How does Wyndham make the Aunt Harriet episode such a memorable and significant part of The Chrysalids?

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accessteacher | High School Teacher | (Level 3) Distinguished Educator

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The significance of this moving and chilling episode in Chapter 7 lies in the way that it foregrounds the importance of the code of deviation in this dystopian world above anything else, including family bonds, and also in its function of foreshadowing the rejection of David and of Petra by their parents and the society at large. Aunt Harriet comes to her sister at the end of her tether. Having birthed a "deviant" for a third time, she recognises that she may be divorced and cast out, and her child killed. Note what she says to her sister and brother-in-law:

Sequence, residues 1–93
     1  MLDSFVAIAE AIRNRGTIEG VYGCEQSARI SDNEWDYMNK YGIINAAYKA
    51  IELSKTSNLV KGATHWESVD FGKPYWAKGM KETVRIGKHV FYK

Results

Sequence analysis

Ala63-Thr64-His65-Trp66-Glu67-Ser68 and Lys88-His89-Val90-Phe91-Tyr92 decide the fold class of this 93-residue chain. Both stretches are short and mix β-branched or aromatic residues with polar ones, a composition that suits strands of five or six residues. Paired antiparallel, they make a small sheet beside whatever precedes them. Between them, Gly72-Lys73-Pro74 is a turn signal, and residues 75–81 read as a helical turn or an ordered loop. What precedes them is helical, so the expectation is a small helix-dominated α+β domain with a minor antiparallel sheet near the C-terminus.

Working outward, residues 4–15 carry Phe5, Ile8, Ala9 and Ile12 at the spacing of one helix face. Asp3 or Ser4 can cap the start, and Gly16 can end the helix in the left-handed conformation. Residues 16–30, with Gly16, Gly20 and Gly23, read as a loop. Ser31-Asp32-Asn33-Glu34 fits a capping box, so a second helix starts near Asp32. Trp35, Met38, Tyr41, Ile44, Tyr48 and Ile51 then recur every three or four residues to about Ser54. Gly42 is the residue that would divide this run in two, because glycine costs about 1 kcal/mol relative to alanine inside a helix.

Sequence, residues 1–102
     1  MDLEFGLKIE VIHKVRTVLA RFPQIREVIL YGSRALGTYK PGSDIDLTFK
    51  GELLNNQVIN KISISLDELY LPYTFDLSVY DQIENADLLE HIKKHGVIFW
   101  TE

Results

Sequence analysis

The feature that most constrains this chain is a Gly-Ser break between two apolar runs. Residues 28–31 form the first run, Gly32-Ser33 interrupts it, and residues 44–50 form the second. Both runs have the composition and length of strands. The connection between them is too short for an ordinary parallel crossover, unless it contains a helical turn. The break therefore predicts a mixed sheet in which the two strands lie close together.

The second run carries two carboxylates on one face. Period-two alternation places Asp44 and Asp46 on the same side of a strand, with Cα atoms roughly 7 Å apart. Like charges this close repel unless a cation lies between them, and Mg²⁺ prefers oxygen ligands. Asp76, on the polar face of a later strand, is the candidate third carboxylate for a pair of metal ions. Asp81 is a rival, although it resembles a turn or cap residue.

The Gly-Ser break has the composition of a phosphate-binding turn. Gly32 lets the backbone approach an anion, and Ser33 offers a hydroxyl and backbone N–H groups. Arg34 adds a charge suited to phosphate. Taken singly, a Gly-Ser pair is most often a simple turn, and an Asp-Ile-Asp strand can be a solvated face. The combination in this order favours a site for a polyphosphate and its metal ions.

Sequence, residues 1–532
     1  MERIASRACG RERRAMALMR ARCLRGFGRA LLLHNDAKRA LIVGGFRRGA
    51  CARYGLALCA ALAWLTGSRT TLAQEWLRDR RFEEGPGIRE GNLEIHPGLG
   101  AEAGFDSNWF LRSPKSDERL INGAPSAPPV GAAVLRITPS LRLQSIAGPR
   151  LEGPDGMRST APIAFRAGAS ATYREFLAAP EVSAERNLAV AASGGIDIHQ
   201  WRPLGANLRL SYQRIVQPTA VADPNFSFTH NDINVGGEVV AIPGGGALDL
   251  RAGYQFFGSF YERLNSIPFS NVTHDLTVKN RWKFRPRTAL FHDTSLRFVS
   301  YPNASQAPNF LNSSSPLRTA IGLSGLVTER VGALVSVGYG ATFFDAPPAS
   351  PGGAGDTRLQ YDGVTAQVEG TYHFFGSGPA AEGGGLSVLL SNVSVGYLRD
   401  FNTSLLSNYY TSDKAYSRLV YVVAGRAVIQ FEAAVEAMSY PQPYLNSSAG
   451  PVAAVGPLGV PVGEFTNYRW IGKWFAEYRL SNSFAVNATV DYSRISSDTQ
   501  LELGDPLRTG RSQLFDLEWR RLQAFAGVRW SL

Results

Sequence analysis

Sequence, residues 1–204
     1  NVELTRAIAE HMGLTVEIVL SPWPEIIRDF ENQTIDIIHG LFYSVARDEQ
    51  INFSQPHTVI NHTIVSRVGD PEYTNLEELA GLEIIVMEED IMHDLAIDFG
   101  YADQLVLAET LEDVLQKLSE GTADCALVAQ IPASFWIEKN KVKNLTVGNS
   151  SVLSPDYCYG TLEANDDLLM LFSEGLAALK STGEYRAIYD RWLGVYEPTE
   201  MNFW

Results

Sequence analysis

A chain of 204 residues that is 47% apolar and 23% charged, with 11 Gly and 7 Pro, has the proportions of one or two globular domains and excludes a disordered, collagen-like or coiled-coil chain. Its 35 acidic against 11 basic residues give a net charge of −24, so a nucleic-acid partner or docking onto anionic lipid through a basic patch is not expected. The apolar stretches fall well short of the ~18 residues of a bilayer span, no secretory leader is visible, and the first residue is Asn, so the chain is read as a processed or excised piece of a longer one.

I came here hoping against hope for sympathy and help. Emily is the only person who can help me. I--I can see how foolish I was to hope at all...

Harriet had hoped that she could use Petra to gain the certificate declaring her baby to be healthy. The shock and horror of David's mother and father in response to this proposal clearly indicates the way that in this world the rule of deviation is stronger than blood and family ties. The way that Petra and Aunt Harriet's child are born together and supposedly Petra is the only "normal" baby also foreshadows the way that David and Petra's parents will so eagerly hunt them down for capture and torture. In this world there is no hope of sympathy if there is a mutation, and the way that Aunt Harriet is left with no option but to kill herself is a chilling reminder of the absence of hope in this strange dystopian world.

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